“Viewability is important for publishers for the obvious reason that it’s important for advertisers” states Eugene Faynberg, Director of Ad Operations at Slickdeals, the largest deal sharing platform for deals and coupons. As simple as this statement might sound, the point is that advertisers are willing to pay more for a highly viewable and brand safe inventory.
With the ad tech ecosystem calling for more transparency, publishers are optimizing for viewability and helping bring better results to advertisers in order to drive more ad revenue.
Tools such as Moat and IAS provide optimization solutions for viewability to help publishers eliminate impression waste and maximize yield, and help advertisers have their ads seen by real people, not bots. This goes a long way, considering Faynberg says that advertisers “do not want to spend money on impressions that are not seen.”
For publishers, monitoring viewability is important for a good reason: served ads that have not been seen decrease the value of their ad inventory. In addition, some advertising agencies only pay on viewable impressions as a standard policy.
According to the Media Rating Council and IAB guidelines, the definition of viewability for a display ad is when at least 50% of the ad is visible on the screen for at least 1 second. For video ads, a viewable impression refers to an ad that 50% of its pixels are visible on screen while the video is playing for a minimum of 2 seconds.
The preferred option for many premium publishers, Google Ad Server (DFP, now under Google Ad Manager and Ad Exchange umbrella), measures viewability with a technology called Active View that also accounts for another metric: measurability (see image below).
It means that impressions that are not measurable, either for technical reasons that can be linked to a problem with an iframe or other issues, are not counted. According to Google, the average video ad viewability is 66% across websites and apps.
Tracking Viewability & More
Viewability is a hot topic for forward-thinking publishers. Libring now gives you the ability to track it, with some new metrics that we’ve added to our solution. These metrics include:
The number of times an ad that appeared in locations on websites or apps that could be measured.
Measurability (Measurable Rate)
The percentage of your total impressions that can be considered measured. This can be calculated by the number of measurable impressions divided by the total number of impressions. This metric helps understand how often an ad appeared in places that were able to be measured.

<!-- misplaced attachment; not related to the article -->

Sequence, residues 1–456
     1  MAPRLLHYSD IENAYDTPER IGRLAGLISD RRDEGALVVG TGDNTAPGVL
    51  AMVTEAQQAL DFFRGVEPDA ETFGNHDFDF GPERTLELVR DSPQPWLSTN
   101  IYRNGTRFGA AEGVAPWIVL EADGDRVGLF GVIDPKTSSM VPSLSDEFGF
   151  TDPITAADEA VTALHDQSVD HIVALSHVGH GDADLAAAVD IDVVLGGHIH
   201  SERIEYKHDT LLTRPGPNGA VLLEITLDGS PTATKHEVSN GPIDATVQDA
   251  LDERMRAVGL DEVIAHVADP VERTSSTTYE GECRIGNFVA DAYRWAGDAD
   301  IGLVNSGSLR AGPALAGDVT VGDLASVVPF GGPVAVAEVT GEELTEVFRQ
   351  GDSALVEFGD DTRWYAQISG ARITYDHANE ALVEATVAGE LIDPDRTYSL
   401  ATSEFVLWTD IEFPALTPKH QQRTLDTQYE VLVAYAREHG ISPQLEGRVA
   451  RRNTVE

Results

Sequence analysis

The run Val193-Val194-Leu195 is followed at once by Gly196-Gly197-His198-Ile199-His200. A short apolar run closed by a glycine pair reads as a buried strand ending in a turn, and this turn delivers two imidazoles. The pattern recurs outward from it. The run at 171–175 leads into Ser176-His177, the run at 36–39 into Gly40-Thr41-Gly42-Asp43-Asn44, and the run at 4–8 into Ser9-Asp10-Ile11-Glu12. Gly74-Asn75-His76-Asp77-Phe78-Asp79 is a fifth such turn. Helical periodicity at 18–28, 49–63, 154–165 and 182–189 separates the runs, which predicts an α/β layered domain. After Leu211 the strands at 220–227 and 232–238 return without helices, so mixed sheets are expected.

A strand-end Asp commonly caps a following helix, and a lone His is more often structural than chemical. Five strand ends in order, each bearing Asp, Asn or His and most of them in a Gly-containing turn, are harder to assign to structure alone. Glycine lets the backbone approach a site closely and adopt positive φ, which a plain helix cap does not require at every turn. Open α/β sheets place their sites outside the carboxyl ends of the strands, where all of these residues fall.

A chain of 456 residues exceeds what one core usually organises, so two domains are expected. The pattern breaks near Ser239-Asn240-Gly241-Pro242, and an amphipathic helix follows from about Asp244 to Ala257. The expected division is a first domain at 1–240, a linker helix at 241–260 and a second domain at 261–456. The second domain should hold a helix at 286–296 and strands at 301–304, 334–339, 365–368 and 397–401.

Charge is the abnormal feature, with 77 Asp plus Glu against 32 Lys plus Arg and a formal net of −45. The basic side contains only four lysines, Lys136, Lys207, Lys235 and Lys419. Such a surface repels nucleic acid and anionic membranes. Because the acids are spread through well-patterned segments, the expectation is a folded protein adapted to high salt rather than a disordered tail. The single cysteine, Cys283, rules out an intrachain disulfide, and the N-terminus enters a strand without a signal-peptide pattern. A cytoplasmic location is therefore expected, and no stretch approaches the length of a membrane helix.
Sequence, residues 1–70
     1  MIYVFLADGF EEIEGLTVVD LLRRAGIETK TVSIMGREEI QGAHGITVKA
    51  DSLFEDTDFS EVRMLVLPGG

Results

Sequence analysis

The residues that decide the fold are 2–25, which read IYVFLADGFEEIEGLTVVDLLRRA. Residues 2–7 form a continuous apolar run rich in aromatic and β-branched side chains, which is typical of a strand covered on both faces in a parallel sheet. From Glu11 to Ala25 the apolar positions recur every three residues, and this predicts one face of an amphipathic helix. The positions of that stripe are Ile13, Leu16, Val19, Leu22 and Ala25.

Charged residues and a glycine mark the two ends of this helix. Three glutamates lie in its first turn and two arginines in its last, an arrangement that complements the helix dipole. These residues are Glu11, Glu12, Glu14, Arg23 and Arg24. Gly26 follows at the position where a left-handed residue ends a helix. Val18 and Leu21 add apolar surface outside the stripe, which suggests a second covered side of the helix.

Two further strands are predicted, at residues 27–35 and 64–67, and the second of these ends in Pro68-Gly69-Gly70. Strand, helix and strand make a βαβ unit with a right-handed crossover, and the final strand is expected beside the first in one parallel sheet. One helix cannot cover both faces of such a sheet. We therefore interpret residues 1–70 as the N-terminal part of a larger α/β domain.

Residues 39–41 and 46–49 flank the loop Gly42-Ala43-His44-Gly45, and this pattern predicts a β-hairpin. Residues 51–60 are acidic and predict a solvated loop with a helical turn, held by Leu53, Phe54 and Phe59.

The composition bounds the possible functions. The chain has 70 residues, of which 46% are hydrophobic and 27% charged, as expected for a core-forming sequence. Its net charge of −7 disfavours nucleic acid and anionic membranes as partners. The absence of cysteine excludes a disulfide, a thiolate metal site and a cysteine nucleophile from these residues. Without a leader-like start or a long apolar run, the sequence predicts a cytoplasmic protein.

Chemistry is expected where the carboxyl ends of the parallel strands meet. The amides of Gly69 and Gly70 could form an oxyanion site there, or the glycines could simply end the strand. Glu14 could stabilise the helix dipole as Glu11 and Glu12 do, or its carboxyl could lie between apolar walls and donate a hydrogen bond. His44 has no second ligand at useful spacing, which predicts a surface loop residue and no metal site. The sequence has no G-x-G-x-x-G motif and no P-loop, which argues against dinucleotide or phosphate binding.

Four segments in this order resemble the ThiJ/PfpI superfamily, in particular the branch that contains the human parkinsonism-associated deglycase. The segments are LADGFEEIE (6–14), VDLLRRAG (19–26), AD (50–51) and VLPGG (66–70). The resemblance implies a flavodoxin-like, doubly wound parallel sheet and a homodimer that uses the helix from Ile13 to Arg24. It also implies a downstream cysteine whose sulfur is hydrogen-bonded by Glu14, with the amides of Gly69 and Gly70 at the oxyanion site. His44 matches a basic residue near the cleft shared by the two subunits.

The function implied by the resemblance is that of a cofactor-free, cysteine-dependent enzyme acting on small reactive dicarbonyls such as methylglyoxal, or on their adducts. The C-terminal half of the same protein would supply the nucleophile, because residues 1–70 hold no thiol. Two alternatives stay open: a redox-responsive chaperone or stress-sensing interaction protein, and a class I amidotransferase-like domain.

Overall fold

The number of impressions that haven’t been filled by the ad server. You can also look at Unfilled Impressions % if you prefer to see things that way.
This can be calculated by Ad Completions divided by Ad Requests. Think of it as the fill rate of video ads.
Ad Completion Rate
The percent of video ads that have been 100% completed by a viewer. Some ad networks also provide the different percentages of completion, so you may want to take a peak at what your partners provide. Try rewarded video ads if you want to give your users a little incentive to watch!
The revenue per thousand impressions based on a specific page.
Impressions Per Page View
Refers to the number of impressions displayed on each page of your site.
If you are investing on advertising you want to track the CPM you are paying to acquire new users. This can be calculated as Total UA Spent divided by UA Impressions.
This can be calculated as Total Revenue divided by Viewable Impressions. It is the total CPM that you are being paid for viewable ads in your ad inventory.
Digital publishing is a complex industry the way it is. Publishers that gather better data help their companies thrive and are more prepared to give their advertisers better results. That’s why is so critical to have quick access to meaningful data. Libring helps publishers quickly get a holistic view of their business and find better insights in order to optimize performance.
See your data in action by requesting a free trial today at libring.com/free-trial.